Philosophy: Soc and Pol Issues
Logic and Critical Reasoning
-Philosophers reason in a very predictable way
- an argument consists of a set of sentences consisting of one r
more premises, which contain the evidence and a conclusion
which is supposed to follow from the premises.
Socrates is a man. (Premise #1)
All men are mortal. (Premise #2)
Therefore, Socrates is mortal. (Conclusion)
*** What makes a good argument good is logical entailment.
-Bad arguments vs. good arguments: If the premises imply the
conclusion, then the argument in question is a good one.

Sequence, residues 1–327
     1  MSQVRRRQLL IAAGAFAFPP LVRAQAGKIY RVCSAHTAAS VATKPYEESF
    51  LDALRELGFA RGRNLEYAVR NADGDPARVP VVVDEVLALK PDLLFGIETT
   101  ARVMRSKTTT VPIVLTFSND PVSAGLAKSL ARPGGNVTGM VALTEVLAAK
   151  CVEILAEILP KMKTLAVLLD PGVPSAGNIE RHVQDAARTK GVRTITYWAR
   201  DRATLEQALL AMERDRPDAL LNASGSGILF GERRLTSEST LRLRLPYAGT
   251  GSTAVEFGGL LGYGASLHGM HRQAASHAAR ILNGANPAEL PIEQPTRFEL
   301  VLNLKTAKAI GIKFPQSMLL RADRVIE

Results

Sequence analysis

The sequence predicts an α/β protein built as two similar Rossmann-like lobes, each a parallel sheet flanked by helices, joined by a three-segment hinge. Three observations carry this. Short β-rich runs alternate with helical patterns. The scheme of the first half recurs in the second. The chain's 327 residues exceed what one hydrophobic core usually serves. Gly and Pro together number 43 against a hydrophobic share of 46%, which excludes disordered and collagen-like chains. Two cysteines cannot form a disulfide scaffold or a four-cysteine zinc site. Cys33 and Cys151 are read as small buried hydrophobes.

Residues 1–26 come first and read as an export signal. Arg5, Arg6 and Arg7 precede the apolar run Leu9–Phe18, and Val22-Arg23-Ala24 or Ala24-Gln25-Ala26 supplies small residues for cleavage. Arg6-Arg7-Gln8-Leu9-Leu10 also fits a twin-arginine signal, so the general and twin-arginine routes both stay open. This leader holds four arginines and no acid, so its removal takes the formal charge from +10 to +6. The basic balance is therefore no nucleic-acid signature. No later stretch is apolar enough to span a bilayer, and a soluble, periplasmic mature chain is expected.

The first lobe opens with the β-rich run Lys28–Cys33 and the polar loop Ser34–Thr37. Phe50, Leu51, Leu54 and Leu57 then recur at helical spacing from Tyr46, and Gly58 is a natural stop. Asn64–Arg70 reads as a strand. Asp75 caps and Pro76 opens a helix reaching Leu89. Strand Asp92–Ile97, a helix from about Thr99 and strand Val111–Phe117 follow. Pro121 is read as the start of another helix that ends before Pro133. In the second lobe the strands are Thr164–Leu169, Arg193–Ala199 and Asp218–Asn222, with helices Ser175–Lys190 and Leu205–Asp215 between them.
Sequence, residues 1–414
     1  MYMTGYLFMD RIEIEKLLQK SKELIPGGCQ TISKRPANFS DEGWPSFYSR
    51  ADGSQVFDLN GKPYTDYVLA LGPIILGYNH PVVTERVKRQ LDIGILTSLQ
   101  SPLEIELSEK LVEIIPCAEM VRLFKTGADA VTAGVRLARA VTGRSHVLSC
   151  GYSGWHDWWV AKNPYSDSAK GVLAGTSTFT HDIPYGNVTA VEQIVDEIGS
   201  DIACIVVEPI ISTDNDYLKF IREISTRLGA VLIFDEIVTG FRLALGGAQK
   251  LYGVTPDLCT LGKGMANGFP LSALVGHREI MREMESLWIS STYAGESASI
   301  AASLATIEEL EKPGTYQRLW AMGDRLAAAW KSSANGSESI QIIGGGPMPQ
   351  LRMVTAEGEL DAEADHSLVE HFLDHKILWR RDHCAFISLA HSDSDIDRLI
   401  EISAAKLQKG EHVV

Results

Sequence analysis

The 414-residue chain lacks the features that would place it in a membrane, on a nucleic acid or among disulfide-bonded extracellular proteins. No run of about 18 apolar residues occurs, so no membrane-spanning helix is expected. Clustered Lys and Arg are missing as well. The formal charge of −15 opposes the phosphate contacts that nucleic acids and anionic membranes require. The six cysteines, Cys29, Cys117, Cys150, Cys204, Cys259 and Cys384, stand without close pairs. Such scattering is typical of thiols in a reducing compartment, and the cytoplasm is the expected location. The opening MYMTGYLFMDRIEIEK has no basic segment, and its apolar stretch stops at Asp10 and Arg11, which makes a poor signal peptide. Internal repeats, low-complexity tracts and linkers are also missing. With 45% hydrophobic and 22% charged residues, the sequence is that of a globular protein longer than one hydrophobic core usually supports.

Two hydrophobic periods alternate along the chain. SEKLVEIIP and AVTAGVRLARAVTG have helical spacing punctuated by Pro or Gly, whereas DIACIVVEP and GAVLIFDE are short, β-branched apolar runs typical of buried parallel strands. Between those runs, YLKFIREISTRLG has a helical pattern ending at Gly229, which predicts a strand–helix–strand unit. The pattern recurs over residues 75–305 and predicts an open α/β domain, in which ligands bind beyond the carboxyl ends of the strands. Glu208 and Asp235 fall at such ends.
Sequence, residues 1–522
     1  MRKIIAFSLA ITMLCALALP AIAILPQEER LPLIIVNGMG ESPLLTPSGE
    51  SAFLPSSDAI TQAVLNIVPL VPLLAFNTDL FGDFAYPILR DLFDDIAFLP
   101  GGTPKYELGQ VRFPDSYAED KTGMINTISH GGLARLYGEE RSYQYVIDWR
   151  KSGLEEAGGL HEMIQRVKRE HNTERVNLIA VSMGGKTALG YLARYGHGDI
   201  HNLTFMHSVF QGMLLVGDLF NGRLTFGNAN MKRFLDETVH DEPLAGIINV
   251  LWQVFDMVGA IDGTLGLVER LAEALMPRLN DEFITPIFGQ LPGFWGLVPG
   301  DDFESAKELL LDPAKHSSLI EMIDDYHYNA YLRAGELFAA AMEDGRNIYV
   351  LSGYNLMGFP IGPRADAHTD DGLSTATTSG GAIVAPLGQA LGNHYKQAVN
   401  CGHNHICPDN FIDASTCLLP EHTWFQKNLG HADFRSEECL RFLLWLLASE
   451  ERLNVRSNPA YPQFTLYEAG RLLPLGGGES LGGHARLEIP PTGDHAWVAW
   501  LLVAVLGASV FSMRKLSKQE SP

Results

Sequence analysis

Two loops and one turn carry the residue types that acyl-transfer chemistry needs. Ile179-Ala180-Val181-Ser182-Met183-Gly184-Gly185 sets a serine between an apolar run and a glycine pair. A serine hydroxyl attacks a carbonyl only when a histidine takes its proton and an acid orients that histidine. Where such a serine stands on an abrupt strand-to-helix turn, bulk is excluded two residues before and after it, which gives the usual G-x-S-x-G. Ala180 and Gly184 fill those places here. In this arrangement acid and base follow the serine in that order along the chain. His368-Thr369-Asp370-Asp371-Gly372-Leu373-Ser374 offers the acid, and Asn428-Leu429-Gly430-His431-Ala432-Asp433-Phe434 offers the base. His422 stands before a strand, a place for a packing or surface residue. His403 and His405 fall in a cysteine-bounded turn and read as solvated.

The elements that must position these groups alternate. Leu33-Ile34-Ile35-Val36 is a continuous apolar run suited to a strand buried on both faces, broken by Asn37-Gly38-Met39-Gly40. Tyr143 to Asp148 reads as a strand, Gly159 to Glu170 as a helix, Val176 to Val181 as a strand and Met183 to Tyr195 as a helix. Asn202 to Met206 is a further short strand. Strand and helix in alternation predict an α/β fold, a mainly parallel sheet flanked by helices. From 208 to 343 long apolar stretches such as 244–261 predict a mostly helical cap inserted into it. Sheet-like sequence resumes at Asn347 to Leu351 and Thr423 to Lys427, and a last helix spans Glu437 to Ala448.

***Truth vs. Validity
If money grows on trees, then Bill Clinton is the Prime Minister.
Money grows on trees. (Premise #2)
Thus, Bill Clinton is the PM of Canada. (Conclusion)
***Symbolic Logic-take out context and replace it with just a
***Test: Look at argument. Look at both premises. If both are
true, then you cannot deny the conclusion on pain of consistency.
You cannot deny the conclusion, if you accept the premises.
-an argument is deductively valid so long as the argument is such
that the conclusion must be true if the premises are true. ***Calling an argument valid, is paying it a compliment.
If it is raining then there are clouds in the sky. (Premise #1)
There are clouds in the sky. (Premise #2)
Therefore, it is raining. (Conclusion)
***pq then q
If I won the lotter